Notable Ocean Quotable: plastic bags

“There is no reason a product we use for a few minutes should float in our oceans for a few hundred years.”

Dave Mathews of Environment Oregon

After the state legislature failed to take decisive action to reduce Oregonians’ use of single-use plastic bags, a mosaic of activists, conservationists and just plain sensible people are working in cities and counties across the state to take action to reduce this most destructive habit of consumers.

Santa Cruz battles bags – DC already did

Santa Cruz County supervisors voted today to ban retail establishments from giving customers plastic bags. It looks like the ordinance probably won’t take effect for a year, will cost the county at least $100,000 for an environmental study, and won’t apply to retailers in incorporated cities. But it’s a step in the right direction.

Plastics, as we know, are choking our oceans, the waterways that feed into the oceans, and the shorelines that edge them. It’s an overwhelming problem, and it may end up being mostly solved through small steps like the one Santa Cruz committed to this afternoon.

A city that isn’t even on an ocean provides a breathtaking model of what one measure can do to battle this scourge. On New Year’s Day, Washington DC officials imposed a 5-cent bag tax on plastic and paper bags at every retail establishment that serves food. There was trepidation, and there were some rather nutty negative reactions to the tax.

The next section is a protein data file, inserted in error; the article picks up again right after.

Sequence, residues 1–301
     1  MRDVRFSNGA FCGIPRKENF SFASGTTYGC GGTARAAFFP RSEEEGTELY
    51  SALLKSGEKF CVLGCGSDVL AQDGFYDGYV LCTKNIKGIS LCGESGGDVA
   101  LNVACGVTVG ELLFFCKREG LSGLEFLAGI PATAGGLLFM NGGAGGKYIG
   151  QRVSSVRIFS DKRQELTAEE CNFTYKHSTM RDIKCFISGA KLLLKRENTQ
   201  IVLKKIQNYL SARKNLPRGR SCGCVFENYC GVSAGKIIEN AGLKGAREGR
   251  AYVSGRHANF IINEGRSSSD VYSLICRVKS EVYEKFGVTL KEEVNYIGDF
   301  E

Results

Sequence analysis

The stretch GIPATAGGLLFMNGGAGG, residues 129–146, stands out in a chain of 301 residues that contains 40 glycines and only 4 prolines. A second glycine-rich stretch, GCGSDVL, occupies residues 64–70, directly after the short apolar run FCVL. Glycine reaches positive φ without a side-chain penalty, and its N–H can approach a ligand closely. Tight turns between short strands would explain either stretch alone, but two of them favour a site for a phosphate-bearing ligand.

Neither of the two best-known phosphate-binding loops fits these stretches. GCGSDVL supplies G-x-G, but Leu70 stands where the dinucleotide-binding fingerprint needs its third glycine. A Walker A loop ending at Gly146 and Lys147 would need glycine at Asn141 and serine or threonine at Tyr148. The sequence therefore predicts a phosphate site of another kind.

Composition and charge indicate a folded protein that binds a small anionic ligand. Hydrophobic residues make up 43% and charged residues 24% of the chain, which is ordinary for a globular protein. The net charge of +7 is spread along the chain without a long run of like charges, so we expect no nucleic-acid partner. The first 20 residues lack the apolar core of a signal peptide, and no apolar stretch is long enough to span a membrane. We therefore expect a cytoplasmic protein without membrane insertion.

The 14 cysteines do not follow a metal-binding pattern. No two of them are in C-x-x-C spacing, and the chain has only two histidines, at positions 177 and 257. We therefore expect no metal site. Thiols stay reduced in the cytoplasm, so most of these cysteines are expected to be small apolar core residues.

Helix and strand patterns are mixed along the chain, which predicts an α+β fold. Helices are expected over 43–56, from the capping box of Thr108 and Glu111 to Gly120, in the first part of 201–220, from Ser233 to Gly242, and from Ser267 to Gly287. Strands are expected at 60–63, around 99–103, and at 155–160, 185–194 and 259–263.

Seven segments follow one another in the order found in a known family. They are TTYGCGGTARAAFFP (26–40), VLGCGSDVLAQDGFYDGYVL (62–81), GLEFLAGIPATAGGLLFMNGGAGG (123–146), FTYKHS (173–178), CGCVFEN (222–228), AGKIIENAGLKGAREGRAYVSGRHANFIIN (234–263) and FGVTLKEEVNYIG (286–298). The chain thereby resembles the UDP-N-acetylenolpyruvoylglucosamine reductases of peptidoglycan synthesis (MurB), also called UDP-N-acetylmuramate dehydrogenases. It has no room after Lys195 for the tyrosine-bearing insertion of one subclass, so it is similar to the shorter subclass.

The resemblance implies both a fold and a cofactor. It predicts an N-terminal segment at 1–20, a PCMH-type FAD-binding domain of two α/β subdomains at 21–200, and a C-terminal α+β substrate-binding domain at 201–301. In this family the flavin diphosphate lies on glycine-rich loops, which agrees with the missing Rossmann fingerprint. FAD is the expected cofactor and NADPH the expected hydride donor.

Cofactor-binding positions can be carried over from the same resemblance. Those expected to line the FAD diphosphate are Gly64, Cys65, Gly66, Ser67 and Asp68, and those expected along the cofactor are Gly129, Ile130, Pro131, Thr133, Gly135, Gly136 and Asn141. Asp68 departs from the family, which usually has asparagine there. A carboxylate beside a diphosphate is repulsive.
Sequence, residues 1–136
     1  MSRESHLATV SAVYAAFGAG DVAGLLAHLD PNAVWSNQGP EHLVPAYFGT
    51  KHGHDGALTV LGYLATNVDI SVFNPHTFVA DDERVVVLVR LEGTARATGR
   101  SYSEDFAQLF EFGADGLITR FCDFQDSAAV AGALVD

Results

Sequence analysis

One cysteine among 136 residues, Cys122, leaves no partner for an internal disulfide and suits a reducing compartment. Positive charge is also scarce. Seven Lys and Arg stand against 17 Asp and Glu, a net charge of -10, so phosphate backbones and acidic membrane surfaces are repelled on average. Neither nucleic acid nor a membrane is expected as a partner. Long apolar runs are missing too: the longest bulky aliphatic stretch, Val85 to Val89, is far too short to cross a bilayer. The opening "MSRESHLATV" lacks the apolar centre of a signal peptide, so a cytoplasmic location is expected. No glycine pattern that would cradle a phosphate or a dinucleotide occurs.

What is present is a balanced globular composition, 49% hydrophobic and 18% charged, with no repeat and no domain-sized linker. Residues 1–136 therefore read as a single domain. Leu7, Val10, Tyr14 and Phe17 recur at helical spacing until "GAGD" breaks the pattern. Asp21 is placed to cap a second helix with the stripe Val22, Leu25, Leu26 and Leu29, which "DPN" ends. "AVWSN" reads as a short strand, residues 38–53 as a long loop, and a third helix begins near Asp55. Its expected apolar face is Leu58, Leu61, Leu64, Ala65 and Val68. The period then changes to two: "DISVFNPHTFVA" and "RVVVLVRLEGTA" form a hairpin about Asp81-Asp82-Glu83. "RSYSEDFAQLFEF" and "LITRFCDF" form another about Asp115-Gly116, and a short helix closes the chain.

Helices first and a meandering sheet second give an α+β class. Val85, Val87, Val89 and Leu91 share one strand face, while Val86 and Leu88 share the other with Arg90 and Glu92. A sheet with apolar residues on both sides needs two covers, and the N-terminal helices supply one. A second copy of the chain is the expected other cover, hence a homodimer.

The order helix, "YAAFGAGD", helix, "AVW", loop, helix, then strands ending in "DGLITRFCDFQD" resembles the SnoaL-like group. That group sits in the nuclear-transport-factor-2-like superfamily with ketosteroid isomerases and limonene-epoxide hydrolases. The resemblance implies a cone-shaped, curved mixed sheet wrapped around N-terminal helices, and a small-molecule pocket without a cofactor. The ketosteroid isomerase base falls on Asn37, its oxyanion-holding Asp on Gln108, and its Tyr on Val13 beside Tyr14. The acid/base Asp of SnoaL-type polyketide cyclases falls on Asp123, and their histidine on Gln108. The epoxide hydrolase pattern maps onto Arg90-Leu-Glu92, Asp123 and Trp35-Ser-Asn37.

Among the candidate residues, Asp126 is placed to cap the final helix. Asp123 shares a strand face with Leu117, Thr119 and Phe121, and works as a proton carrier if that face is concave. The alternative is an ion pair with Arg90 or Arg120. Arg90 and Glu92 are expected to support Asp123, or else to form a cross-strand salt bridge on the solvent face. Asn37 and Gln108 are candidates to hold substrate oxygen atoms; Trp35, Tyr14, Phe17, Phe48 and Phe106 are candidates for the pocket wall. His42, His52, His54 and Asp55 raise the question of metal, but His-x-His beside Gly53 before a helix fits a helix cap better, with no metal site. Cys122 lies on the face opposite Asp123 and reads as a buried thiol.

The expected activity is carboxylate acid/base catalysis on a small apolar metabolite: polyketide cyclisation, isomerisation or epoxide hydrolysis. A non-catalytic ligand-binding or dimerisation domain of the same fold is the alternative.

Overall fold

But the city’s tally after just 1 month astonished nearly everyone, and speaks to an enormous power to transform – from issuing an average of 22.5 million bags per month in 2009, DC businesses gave out just 3.3 million bags in the first month of the tax. It was such a surprising result that many people hardly cared that the drastically reduced consumption also decreased the money the tax is raising for cleanup of the Anacostia River.

The debates and costly assessments rage on around the country, but the proof of DC is hard to dispute – a nickel tax per bag immediately cut consumption by roughly 85% percent (!!) – without cash- and time-sucking impact statements or years of legal delays.